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The challenge of traveling alone for the first time

The first time I had to travel alone, it was for work. Before that I had only made two trips by plane; the first when I was 11 years old, with my parents and the second one a month before my solo travel: I bought tickets out of anxiety, to rehearse how to move in an airport and to avoid to be late to work on the other side of the continent.

In those years traveling wasn’t very important in my life and, moreover, I was not even very convinced about the idea of leaving without any company. So if the same thing happens to you and you still don’t make the decision, I’ll try to convince you.

Travel alone, even if you’re not sure you want it

Machu Picchu

Machu Picchu (photo by William Justen de Vasconcellos on Unsplash)

Of course, to know new things is scary, even more if you don’t have someone to support you. People who travel alone always say that this is a life changing and I also think that, but you may not. Still.

Has it happened to you? When you do something new, you feel a little inner pride, as if you had won a star? When you travel alone that feeling is constant: I didn’t miss the flight = little star; I found a place to sleep = little star; I spoke to a stranger = little star; I had an ice cream alone = little star. It’s a kind of love for yourself that will last several days and will help you realize that there are many things in your day to day life, that you previously left aside just because you didn’t have someone to do it with.

Don’t be afraid of places

Cartagena de Indias

Cartagena de Indias (photo by hotbook.com.mx)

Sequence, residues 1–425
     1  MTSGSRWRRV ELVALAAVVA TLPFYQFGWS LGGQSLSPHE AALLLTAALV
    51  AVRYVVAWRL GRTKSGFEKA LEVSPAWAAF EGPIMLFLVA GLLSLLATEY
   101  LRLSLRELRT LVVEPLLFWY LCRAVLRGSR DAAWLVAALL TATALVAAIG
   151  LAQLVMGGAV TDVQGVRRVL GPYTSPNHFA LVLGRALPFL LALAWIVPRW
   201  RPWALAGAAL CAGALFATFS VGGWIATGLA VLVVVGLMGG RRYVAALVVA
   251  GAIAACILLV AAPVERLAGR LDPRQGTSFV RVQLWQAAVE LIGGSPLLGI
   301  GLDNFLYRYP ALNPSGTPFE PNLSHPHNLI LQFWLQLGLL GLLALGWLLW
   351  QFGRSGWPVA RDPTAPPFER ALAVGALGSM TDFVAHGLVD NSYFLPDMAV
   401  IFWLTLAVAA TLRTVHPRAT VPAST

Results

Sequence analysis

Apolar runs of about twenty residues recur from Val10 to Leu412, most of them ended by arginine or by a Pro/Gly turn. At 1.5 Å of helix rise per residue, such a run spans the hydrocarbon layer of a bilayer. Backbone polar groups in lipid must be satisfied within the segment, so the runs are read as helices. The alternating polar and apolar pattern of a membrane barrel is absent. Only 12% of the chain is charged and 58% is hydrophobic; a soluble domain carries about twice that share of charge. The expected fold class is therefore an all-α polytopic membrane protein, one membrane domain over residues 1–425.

My first solo trip took me to Colombia. I was going to spend a month in that place that was constantly on the news  and people told me about guerrillas, drugs and kidnappings. But places are not like television shows you. Colombia turned out to be a very quiet, orderly placefull of beautiful people.

So, don’t think that places are like in the movies, probably your city is more dangerous than the city where you are going (at least for Latin Americans) and every day you work, you go out at night and live in it.

Of course you have to avoid dangerous places and do some research before going to certain neighborhoods, but nothing else.

Nothing gives you more security than knowing where you are

Pamir Highway

Pamir Highway (photo by Lonely Planet)

If you are afraid of arriving to the most dangerous place in the city without noticing or don’t want a taxi driver to make a long route, do your research.

Before embarking on your first trip alone, travel the city with Google Maps Street View. Find out which are the neighborhoods you don’t want to visit and mark them on your map. Download an offline map on your phone, so you always know where you are and if you take a taxi, you can guide the driver as if you knew the city.

In your next trips, you will be letting go; but don’t be ashamed to want to know everything before leaving. Knowledge will give you tools to feel more confident and secure.

Destroy the language barrier

(photo by Lonely Planet)

Maybe some years ago not knowing a language was an excuse for not going to some places. These days technology helps us understand almost everything anyone says. There are apps like Google Translate, ITranslate or SayHi, that can help you with that. (Read our article How to get your smartphone ready for a trip: Tips and essential apps to know more).

Another good way to understand the culture and get closer to the locals is to learn some basic words in the language of the country you are visiting. “Hello”, “bye” and “thank you” in the local language are magic words anywhere and will open doors for you.

Don’t be afraid of loneliness

(photo by Simon Migaj on Unsplash)

Maybe several solo travelers told you that you will meet many people during the trip. The truth is that it depends on your personality, but the chances increase if you follow certain key rules.